The Pueblo of Acoma
celebrated the return of sacred objects and other items of cultural patrimony that were stolen from the tribe.
The tribe secured the return of the items with the help of federal authorities. A special agent from the Bureau of Indian Affairs
was instrumental in recovering a sacred shield that was being sold by an art gallery.
“The Pueblo of Acoma has been a vocal and strong advocate for the protection of sacred items and items of cultural patrimony illegally taken from tribal homelands,” Governor Kurt Riley said on Wednesday
following a ceremony at the Sky City Cultural Center and Haak’u Museum
on the tribe's reservation in New Mexico.
A ceremonial shield stolen from Acoma Pueblo in New Mexico is the subject of a legal and diplomatic battle after it was put up for sale by a private auction house in France. Image from EVE Auction House
The tribe used the ceremony to call attention to the failure of the government in France to return another shield that was stolen from the reservation. The U.S. Attorney's Office in New Mexico has filed a warrant to have the item returned after it too was put up for sale.
"Sadly, we all too often find sacred, religious, and culturally significant items being sold at art markets, flea markets and in galleries," U.S. Attorney John C. Anderson said in a press release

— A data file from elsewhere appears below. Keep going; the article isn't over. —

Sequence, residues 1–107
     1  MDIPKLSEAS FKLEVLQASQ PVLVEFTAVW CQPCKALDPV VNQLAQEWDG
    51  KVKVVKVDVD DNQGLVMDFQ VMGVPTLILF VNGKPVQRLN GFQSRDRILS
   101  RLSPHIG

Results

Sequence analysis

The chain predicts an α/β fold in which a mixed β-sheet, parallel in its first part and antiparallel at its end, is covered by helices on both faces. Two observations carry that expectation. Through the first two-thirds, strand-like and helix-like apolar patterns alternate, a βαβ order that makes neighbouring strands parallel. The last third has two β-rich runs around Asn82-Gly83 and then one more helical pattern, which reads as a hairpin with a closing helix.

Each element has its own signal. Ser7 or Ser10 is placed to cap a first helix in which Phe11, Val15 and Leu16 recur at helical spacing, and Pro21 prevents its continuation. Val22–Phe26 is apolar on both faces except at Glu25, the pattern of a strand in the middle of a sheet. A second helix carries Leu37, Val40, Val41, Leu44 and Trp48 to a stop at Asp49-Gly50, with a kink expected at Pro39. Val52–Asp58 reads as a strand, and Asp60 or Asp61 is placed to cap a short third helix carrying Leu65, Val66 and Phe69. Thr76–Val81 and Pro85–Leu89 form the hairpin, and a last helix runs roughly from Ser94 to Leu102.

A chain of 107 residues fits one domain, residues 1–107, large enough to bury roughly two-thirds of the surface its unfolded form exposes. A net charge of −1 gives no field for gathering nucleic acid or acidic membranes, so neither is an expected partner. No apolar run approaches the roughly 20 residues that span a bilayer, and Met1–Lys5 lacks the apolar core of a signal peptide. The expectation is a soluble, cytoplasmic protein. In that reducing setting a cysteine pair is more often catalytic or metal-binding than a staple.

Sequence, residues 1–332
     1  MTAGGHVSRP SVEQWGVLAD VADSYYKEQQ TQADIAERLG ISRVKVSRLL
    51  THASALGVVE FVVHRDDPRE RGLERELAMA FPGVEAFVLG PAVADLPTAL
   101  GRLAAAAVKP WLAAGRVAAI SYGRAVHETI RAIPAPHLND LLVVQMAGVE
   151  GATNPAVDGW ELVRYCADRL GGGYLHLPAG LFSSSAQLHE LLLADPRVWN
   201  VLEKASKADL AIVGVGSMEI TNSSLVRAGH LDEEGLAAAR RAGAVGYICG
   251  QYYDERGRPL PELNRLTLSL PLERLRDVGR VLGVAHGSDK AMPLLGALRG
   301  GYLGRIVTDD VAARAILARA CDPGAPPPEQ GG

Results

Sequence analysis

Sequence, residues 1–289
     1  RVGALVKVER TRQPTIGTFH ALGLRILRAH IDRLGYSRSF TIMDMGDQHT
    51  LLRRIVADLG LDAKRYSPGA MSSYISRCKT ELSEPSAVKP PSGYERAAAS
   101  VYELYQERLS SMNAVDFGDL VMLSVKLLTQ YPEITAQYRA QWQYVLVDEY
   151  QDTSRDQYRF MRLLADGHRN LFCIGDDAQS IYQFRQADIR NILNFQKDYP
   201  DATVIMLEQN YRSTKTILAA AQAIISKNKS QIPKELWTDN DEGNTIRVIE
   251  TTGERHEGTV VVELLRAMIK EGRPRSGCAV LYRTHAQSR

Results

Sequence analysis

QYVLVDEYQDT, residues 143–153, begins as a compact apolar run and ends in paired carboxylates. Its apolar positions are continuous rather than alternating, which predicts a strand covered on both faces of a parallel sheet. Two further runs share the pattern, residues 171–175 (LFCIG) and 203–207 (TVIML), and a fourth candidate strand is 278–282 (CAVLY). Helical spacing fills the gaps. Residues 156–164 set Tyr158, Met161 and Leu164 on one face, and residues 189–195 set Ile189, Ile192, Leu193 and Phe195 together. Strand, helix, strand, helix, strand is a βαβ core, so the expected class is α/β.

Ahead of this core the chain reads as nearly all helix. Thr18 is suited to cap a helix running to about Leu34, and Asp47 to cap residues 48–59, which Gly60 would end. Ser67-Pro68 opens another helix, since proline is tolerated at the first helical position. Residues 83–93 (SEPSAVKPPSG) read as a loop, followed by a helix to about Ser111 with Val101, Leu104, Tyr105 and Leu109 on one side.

. "In keeping with federal law, we will continue to do everything in our power to locate such objects and deliver them to their rightful homes.”
According to the complaint filed in the France case
, the shield that was returned to the tribe was recovered in 2015 from an art gallery in Bozeman, Montana. BIA Special Agent Frank Chavez made sure it got back to Acoma.
“The proactive work demonstrated by Special Agent Chavez in working closely with all involved makes us proud," said Tara Sweeney, the Assistant Secretary for Indian Affairs at the Department of the Interior
Federal laws like the Native American Graves Protection and Repatriation Act
address the domestic trade of tribal property. But there are few protections when cultural patrimony goes overseas.
"This is monumental in the national and international effort to return sacred objects back to their rightful homes," Governor Riley said. "Acoma will continue to collaborate with our federal partners to end the trafficking and illegal sales of protected tribal cultural items.”
Read More on the Story
New Mexico tribe celebrates return of pueblo cultural items
(The Associated Press December 19, 2018)
Government Accountability Office ReportGAO-18-537: Native
American Cultural Property: Additional Agency Actions Needed to Assist Tribes
with Repatriating Items from Overseas Auctions
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